Rafael Trujillo, El Jefe, ruled the Dominican Republic as dictator from 1930 until his assassination in 1961. Trujillo gained prominence after the U.S. occupation in 1916. He joined the National Guard in 1919, trained with U.S. Marines, and earned the rank of general only nine years later. In 1930, a rebellion broke out against President Horacio Vasquez. Trujillo made a secret deal with rebel leader Rafael Estrella Urena whereby Trujillo could run for president in new elections. Estrella’s rebels were allowed to capture the capital and Trujillo, the only candidate allowed to run, claimed victory with 95% of the vote and immediately assumed dictatorial powers. His reign was marked by bloody massacres, stringent laws, and an overbearing personality cult. His rule is considered one of the bloodiest in the Americas and responsible for more than 50,000 deaths.
On May 30, 1961, members of the underground opposition succeeded in assassinating the man Ambassador Joseph Farland deemed “a two-bit dictator.” (Read his account.) The efforts of the Trujillo family to keep control of the country ultimately failed. A military uprising in November and the threat of American intervention put an end to the Trujillo regime. President Balaguer allowed Trujillo’s son Ramfis to relocate his father’s body to Paris, and then later to a cemetery near Madrid. Henry Dearborn, originally Chief of Mission, then Consul General, talks about his communications with the opposition, the events of that fatal night, and his briefing with President Kennedy afterward.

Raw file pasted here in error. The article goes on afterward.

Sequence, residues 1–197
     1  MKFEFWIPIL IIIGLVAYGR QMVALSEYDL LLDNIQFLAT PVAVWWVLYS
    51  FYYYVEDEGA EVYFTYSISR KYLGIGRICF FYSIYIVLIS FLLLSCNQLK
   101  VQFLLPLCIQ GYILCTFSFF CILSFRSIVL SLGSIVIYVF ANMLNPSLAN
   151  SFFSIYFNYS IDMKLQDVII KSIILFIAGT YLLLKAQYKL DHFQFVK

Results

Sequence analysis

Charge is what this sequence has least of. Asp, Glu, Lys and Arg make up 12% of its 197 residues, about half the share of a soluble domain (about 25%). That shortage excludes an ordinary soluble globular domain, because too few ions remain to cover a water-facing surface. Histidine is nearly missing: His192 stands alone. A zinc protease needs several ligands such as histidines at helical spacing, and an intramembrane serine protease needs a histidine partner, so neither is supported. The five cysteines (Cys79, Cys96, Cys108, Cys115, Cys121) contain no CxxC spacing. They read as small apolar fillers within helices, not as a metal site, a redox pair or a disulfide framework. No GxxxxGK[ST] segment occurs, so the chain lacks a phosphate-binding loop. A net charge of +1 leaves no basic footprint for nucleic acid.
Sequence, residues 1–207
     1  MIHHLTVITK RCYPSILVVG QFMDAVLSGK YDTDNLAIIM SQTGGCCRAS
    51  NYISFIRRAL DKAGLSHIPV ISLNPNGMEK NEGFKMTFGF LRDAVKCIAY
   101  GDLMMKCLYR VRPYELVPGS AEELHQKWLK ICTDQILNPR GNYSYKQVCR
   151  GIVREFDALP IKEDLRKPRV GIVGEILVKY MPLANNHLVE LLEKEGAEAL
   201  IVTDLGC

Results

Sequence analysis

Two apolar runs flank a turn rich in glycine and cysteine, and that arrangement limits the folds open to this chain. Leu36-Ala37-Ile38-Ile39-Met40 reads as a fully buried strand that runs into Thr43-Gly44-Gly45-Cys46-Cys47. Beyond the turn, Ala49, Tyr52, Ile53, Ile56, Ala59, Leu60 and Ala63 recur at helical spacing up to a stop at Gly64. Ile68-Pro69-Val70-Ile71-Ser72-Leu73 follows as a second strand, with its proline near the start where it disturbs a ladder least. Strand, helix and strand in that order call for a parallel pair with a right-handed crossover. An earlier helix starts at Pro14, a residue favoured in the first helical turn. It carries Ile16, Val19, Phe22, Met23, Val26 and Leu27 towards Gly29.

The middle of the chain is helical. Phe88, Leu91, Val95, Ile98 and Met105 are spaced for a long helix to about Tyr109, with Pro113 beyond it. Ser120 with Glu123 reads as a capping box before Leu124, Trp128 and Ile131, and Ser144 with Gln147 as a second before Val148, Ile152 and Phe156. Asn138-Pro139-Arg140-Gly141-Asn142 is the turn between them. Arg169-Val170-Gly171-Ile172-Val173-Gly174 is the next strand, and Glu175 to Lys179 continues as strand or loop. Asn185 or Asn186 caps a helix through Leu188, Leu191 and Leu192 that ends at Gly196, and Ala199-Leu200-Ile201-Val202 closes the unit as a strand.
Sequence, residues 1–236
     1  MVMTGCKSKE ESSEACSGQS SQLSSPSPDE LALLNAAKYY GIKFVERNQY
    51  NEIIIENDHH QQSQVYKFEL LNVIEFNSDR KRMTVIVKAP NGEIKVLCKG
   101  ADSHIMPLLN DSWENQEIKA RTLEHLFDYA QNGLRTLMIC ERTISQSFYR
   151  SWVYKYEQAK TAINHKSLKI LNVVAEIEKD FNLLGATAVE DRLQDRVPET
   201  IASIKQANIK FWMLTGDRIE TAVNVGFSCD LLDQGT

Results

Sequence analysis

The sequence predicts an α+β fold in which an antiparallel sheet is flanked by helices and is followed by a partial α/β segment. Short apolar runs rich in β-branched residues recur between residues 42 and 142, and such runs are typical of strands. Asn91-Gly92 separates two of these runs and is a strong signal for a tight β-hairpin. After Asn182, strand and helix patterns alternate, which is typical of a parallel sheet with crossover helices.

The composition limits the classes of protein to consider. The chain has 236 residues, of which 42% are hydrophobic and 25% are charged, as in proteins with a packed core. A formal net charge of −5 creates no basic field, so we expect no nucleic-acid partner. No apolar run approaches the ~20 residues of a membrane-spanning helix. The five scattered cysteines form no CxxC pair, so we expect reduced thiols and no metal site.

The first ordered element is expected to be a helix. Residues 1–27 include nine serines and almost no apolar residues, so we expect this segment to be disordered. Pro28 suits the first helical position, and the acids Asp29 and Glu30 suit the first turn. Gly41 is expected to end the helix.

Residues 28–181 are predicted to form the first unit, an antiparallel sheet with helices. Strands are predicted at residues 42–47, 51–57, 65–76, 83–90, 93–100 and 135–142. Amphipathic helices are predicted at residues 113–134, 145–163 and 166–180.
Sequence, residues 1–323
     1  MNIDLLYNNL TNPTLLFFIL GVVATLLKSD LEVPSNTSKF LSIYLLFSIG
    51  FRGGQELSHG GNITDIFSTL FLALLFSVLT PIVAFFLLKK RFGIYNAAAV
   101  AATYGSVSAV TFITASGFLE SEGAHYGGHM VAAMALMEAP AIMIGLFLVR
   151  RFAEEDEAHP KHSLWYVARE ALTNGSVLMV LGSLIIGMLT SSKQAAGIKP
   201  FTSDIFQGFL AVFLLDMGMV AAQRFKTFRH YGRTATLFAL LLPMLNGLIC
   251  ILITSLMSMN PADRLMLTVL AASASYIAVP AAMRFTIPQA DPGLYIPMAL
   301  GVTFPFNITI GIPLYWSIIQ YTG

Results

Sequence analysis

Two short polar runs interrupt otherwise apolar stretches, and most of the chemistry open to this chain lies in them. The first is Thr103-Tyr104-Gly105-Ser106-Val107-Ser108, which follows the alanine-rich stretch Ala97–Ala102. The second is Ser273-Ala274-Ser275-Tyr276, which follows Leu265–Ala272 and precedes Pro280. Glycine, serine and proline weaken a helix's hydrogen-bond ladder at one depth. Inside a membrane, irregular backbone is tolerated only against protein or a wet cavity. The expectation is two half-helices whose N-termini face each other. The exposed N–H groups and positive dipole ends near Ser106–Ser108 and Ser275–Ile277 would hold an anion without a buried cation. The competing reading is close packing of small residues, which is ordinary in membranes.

Dearborn was interviewed by Charles Stuart Kennedy beginning in 1991. You can also read about the Dominican Civil War, which followed soon after the assassination.
Reaching out to the Opposition
DEARBORN: Trujillo had already begun to sense that [Ambassador] Farland was talking to the opposition, which, of course, was a no-no. There wasn’t supposed to be any opposition, but every once in a while you could be caught talking to somebody he didn’t want you to talk to and you would hear about it. So relations were not too good….
The pressures from human rights and other groups on the Department and our government had been such that the U.S. government attitude was turning around by that time. While Farland was still Ambassador there was a plan drawn up for cooperation with the opposition and letting them know that if they succeeded in overthrowing Trujillo, we would favor them. We called them the pro-U.S. opposition…. This was a plan drawn up and approved back in Washington.
Farland was there until May 1960, when I became Chargé. In August we severed diplomatic relations with the Dominican Republic as a result of a meeting of Foreign Ministers in San Jose, Costa Rica. All the American Republics voted to sever diplomatic relations with Trujillo because of the pressure put on them by Venezuela because Trujillo was caught red-handed trying to assassinate President Betancourt of Venezuela.
It was indisputable. His agents were caught. The Venezuelans insisted that solidarity be shown on this. We were not averse to that because we were pretty much put out by him ourselves by that time. Then, I think it was August 21, when diplomatic relations were broken, we continued consular relations. So I switched to being Consul General….
I always said this was the only time that I chose my own ambassador. There weren’t many left once all the Republics of the hemisphere broke relations. But there were the British, Canadian, Chinese, Japanese, French, Italians — I think only about ten embassies left.
I recommended to the Department that they ask London if the British ambassador could represent us. He was one of the no-nonsense-about-it types. My judgment at that time was proved correct, because he was great….
On the day of the break he came over to the office, brought a stack of British stationery and said, “All you have to do is write notes to the Foreign Office just as you always do and send them over to me. I will sign them.” He said, “Of course, you are going to have to learn to write in English.”